We are following up on our announcement of our new service line, Construction Vibration Monitoring.
With significant new developments occurring in increasingly condensed spaces, construction-induced vibration damage and its causes are a growing concern. Construction in tight spaces often will result in the need for demolition of existing structures, deep excavations for underground parking, and/or pile foundations that require heavy equipment. Consequently, vibrations induced from the use of heavy equipment such as earthmovers, excavators, drill rigs and pile drivers will travel quickly through the surrounding ground and potentially negatively affect nearby existing structures. Twining has the in-house capability to accurately measure the level of vibrations created during construction using the state-of-the-art equipment and software and evaluate the potential effects on surrounding structures. We typically provide these services in three phases: 1) pre-construction survey, 2) field monitoring during construction, and 3) post-construction survey and vibration monitoring report.
Phase 1: Pre-construction Evaluation
The best approach to mitigating damage to surrounding structures due to construction-related vibrations is to prevent any possible damage before it occurs. The objective of the pre-construction evaluation is threefold: 1) perform a pre-construction survey of the existing structures of concern to establish baseline damage that has occurred prior to the start of any construction, 2) establish baseline ground motions caused by vehicular traffic (buses, cars, trucks, trolleys and other non-construction vibration sources) near the structures of concern, and 3) perform an evaluation with the proposed equipment on site to establish acceptable means and methods to accomplish the construction tasks. Vibration levels resulting from a range of specific tasks and equipment, including pile driving activities and equipment, can be compared to threshold vibrations with respect to potential damage to structures of concern. This evaluation will establish the means and methods for use during construction that will enable the contractor to stay within the threshold limits.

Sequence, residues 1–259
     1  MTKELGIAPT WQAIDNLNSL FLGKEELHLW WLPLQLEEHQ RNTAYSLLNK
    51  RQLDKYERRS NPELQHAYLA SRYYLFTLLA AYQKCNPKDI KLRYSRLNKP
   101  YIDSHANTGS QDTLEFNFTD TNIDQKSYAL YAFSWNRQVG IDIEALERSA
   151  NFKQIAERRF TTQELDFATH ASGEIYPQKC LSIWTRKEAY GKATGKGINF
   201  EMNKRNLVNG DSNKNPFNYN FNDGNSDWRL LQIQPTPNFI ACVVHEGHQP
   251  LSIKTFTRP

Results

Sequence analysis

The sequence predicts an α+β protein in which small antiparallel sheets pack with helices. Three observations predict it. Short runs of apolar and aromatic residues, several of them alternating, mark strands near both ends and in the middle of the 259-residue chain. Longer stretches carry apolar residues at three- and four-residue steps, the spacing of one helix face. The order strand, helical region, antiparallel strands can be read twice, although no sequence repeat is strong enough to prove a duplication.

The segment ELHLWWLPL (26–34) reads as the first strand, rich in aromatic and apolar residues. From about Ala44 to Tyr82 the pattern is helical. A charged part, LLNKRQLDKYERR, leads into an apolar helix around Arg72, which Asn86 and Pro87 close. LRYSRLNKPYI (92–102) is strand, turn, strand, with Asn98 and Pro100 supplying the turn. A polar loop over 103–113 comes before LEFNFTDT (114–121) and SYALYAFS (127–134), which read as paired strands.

Phase 2: Construction Field Monitoring
All aspects of construction from demolition, installation of drilled and driven piles, deep excavation, and the use of all heavy equipment will be monitored through this phase. Using state-of-the-art monitoring equipment and software, Twining can provide continuous monitoring of construction activities. A Twining field engineer can observe vibrations in real time and document specific activities that create those vibrations. This information can be used to immediately inform the contractor of approaching threshold vibrations so that corrective measures can be employed. Also, the vibration measurements will be continuously documented to demonstrate the contractor’s adherence to pre-specified vibration threshold limits. Daily reports can be prepared with graphics that illustrate measured vibrations in an easy-to-read, professional format.
Phase 3: Post-construction Survey and Vibration Monitoring Report
At the completion of construction, a Twining Registered Civil Engineer will perform a
survey of the structures of concern to document any changes to the existing condition of the structures. The post-construction survey will include a narrative of survey scope, a plan showing locations of observations as necessary, and photographs of relevant items in the structures. Twining will prepare a final report with engineering review and approval and graphics that also show the levels of vibrations maintained throughout the construction. The final report includes all monitoring data relative to the specific construction activities observed in the field. This report can be used to demonstrate the contractor’s success with respect to adherence pre-specified vibration limits.
Rouzbeh Afshar, PhD, Project Engineer, 949.336.4325, firstname.lastname@example.org
Dr. Afshar is our technical lead for our vibration monitoring service. He has received his doctorate in geostructural engineering with a focus on soil-structure interactions during shaking and vibrations due to earthquakes. He has an extensive background in working with random vibrations including, histogram and wavelet analysis, discrete and continuous Fourier Transform study and filter application to avoid unwanted frequencies. He has worked on several large projects in Las Vegas Valley and Southern California including LINQ Ferris Wheel, Las Vegas Arena and several pile installations in Orange and Los Angeles counties.